The FBC and the IBC have adopted the new ASCE 7-2010 wind map. The map is already part of the IBC but will not actually be implemented in the FBC until December 21, 2011. This new map greatly increases the wind speeds and moves the wind speed lines further inland throughout the state. However, these new wind speeds, when using the conversion chart in the IBC, already utilize the calculations which may actually reduce the uplift pressure designs for the building. The biggest impact of the map will be in the shingle roofing industry where shingles are designed to withstand wind speeds, not uplift pressure. Additionally, the windborne debris region will now cover a larger portion of the state.

The Florida Building Commission will review the glitch amendments over two meetings in April and June of this year. In July, the glitch rules will be adopted as part of the 2010 Florida Building Code. The Code will be printed and available to the public on October 1, 2011, and the effective date of implementation will be December 21, 2011.

Duro-Last Roofing, Inc. Recognized at Restaurant Facility Management Association’s National Conference

Duro-Last Roofing, Inc. was recently recognized with two awards during the Restaurant Facility Management Association’s (RFMA) National Conference, February 6 – 8, 2011, in Long Beach, California.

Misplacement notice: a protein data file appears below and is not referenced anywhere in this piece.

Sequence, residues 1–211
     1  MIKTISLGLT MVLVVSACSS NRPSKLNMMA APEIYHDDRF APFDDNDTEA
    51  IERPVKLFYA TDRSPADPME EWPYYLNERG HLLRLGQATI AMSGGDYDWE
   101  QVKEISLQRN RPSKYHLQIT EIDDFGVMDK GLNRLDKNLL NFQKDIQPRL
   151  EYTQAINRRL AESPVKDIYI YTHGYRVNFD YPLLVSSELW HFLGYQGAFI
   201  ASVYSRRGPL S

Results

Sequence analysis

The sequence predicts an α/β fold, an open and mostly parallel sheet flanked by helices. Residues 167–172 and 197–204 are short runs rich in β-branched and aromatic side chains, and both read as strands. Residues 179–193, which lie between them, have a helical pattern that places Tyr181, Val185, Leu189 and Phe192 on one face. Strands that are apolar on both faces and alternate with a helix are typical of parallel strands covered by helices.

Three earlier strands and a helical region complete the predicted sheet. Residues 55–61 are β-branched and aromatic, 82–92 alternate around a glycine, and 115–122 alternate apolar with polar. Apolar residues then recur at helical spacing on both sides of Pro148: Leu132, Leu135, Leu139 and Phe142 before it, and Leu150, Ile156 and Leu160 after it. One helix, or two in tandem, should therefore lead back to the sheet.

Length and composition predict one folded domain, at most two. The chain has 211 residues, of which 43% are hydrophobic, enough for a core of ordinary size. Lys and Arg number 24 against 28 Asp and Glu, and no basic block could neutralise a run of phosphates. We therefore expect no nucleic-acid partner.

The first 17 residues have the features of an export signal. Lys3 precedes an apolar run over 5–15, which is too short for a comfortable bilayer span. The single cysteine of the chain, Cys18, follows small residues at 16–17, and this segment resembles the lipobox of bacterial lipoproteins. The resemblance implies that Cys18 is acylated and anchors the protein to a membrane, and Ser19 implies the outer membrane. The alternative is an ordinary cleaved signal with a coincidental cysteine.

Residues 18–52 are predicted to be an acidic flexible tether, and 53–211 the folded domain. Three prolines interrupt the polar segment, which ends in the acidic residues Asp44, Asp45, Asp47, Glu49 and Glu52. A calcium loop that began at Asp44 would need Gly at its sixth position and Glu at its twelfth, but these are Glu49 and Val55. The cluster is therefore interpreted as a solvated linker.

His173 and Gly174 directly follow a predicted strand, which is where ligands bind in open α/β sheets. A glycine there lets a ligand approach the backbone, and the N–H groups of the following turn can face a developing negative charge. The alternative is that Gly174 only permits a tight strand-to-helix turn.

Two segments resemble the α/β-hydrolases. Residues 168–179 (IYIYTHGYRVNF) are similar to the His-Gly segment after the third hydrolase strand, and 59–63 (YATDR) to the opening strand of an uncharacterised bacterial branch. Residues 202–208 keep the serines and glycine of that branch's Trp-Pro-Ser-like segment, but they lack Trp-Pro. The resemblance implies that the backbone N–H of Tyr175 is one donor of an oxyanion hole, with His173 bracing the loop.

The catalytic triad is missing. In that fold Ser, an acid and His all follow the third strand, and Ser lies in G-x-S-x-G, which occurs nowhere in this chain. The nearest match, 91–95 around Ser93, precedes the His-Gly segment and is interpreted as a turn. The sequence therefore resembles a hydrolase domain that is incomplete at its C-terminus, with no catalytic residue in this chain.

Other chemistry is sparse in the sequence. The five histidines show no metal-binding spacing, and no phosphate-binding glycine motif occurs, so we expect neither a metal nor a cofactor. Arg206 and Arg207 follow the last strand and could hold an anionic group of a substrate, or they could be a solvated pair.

John Deal, National Sales Manager, was recognized by RFMA as the “Vendor of the Year” for 2010. John has been a member of RFMA and its Education Committee since its inception in 2004. John currently holds the title of Co-Chairman of the Education Committee and sits on the Magazine Editorial Board for RFMA’s new Facilitator magazine.

John Deal receiving Vendor of the Year award from Chairman of RFMA, Danny Koontz with Ruby Tuesday Restaurants.

“It was a surprise to be recognized as ‘Vendor of the Year’ for RFMA,” said Deal. “I enjoy being involved in such a dynamic organization where I am able to network and build relationships with facility managers and vendors throughout the restaurant industry. I would like to thank the members of the Education Committee for their hard work and my co-chair, Curt Sawan of Darden Restaurants, for all of his guidance and cooperation. A special thanks to Debi Kensell, Education Manager for RFMA. She does an amazing job and together we were able to meet all the goals of the education committee this year,” concluded Deal.